Let us see that the virus allows us to reflect on ourselves, not simply at a national level, but at a civilizational level – at the level of the human species.
In a matter of a few months, our world has undergone profound disruptions and change. In fact, much of this came in just days and weeks. At first, it was a shock: yes, there is a pandemic, a deadly – or potentially deadly – virus that was spreading rapidly, accelerating exponentially, and killing excessively. Initially it was China, and we did not pay much attention. China has had epidemics before, and they’ll deal with it; that’s just China. Other countries in Asia began experiencing a spike in cases, from South Korea to Iran. But Korea was handling it, and Iran – well, aren’t they kind of a “troubled” spot, anyhow?
The cases shot up, the crisis erupted, and an emergency was apparent. The numbers read out from our TVs and phone screens showed rising infections and deaths with hospitals overwhelmed. The world’s “trouble spots” were China, South Korea, Iran and Italy. Other nations were putting up travel restrictions and quarantine rules for those arriving from those hot spots. As you read this, you may think, “oh, yeah, I remember when it was just those four.” But it was not so long ago, just early March, two months, eight weeks (as of this writing).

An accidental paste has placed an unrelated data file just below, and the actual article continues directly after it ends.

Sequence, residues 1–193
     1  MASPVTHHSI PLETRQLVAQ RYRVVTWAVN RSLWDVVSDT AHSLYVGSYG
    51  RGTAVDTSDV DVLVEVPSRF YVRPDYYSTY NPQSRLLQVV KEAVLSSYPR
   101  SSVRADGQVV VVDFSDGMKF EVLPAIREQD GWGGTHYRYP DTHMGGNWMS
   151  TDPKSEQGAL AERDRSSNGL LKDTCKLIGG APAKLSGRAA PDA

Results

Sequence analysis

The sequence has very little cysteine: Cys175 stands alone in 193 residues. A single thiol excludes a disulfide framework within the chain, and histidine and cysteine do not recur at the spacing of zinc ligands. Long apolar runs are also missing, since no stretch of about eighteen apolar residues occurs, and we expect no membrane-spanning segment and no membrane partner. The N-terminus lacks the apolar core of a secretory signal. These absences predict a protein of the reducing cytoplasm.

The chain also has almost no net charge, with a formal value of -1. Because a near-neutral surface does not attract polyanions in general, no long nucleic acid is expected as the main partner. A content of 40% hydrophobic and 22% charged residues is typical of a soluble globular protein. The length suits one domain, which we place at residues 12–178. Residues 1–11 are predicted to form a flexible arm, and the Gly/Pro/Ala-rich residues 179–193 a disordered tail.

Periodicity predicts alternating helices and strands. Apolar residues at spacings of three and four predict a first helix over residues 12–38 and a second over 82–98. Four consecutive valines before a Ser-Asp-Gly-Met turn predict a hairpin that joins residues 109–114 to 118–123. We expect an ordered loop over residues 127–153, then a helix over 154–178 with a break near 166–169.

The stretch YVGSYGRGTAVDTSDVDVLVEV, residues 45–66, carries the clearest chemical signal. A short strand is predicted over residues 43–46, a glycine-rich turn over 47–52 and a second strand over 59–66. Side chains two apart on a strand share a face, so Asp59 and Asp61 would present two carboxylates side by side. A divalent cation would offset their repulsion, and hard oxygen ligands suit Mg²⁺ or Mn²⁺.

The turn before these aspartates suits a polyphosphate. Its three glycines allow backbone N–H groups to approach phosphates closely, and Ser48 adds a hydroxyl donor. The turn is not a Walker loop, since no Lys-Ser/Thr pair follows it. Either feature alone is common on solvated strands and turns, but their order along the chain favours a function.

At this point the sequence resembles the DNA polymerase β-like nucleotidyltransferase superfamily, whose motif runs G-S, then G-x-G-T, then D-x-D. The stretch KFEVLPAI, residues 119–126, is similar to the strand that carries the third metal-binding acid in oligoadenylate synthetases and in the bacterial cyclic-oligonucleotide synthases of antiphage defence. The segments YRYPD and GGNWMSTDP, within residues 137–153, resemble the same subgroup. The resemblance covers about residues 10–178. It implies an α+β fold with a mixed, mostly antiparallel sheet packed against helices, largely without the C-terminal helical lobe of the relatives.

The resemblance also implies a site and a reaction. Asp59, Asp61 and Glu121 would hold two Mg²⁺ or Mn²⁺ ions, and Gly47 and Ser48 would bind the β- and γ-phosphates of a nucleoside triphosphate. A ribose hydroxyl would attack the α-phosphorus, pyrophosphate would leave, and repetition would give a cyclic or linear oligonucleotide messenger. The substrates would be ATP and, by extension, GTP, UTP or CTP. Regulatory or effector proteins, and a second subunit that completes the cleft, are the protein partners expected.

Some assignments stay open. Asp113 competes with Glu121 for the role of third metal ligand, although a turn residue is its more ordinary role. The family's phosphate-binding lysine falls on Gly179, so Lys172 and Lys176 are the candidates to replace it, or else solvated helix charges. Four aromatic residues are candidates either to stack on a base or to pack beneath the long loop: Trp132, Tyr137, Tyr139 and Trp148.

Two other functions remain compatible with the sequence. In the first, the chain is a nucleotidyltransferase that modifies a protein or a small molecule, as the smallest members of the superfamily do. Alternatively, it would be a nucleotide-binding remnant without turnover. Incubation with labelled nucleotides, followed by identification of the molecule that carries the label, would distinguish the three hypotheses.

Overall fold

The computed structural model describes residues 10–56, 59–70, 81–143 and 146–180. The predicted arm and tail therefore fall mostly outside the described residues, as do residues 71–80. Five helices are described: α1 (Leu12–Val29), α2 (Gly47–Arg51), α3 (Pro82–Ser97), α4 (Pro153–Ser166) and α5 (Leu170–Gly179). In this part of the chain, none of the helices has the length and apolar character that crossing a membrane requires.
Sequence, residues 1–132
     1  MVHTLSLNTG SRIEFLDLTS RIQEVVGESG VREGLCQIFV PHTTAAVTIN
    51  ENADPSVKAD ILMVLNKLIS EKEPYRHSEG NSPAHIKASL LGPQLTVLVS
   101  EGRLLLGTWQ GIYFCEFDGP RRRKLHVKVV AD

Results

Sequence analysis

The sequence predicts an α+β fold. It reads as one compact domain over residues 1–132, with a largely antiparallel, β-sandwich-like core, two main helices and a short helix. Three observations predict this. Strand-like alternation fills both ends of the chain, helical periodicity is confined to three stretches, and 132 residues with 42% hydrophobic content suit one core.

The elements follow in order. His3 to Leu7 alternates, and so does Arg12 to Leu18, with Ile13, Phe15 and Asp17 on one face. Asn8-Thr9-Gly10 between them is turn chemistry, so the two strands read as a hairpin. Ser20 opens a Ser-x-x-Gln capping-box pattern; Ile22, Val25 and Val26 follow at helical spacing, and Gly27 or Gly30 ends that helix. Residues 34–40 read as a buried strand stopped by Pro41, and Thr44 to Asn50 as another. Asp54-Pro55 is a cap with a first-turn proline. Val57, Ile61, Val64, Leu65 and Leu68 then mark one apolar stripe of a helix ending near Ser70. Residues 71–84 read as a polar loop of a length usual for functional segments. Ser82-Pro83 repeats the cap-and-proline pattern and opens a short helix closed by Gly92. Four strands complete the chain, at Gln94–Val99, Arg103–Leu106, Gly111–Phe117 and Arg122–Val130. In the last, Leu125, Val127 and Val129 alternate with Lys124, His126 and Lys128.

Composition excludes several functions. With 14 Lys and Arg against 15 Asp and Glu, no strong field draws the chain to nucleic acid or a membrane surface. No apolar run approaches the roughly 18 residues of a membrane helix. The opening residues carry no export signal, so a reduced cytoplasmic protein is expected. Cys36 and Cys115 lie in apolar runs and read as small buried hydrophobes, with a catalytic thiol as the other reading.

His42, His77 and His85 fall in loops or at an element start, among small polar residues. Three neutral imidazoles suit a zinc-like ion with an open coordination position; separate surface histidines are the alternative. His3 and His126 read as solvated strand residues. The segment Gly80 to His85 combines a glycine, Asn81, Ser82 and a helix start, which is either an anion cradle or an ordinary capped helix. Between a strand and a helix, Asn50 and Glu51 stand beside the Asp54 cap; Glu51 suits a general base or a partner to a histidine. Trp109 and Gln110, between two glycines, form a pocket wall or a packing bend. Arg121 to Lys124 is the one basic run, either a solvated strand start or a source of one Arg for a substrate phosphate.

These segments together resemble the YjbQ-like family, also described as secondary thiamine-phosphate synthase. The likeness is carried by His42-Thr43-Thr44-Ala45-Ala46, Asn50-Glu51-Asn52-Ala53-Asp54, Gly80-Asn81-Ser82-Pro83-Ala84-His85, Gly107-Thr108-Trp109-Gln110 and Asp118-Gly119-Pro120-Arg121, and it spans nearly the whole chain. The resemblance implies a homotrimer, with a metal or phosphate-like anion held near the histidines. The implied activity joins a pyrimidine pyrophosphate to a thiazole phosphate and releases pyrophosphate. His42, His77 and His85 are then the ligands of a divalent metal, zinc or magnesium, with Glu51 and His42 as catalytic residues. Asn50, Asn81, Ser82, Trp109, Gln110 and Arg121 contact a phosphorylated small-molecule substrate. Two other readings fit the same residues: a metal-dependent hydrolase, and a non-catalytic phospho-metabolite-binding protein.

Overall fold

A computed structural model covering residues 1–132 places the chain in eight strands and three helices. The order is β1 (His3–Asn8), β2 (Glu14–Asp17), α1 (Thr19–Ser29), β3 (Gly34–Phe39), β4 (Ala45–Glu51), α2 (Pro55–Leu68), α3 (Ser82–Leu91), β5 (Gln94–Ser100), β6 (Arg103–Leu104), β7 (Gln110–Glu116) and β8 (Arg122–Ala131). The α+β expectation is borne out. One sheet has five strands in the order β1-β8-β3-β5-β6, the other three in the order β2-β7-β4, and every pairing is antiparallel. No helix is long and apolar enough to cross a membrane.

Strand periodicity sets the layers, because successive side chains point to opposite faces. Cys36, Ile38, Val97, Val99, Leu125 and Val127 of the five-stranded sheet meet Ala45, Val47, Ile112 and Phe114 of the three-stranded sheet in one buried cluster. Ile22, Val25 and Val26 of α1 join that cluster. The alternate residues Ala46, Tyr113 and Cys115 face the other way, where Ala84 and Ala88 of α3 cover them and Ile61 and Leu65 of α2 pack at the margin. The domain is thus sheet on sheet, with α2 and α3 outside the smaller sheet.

But many other nations had, by that time, reported cases of the virus in their populations, spread by travelers emanating from those four centres. Still, the virus seemed a distant, vague threat. It was worrying, yes, but worrying for China, South Korea, Iran and Italy. “Here,” in whatever country you/we are in (I am in Canada), “we are safe, we are fine.” Our governments had already blocked or quarantined travelers from those countries, so, “we will not have any problems.” The problem is effectively solved, the virus contained; but wow, close call. Poor Italy, though. Poor Italy.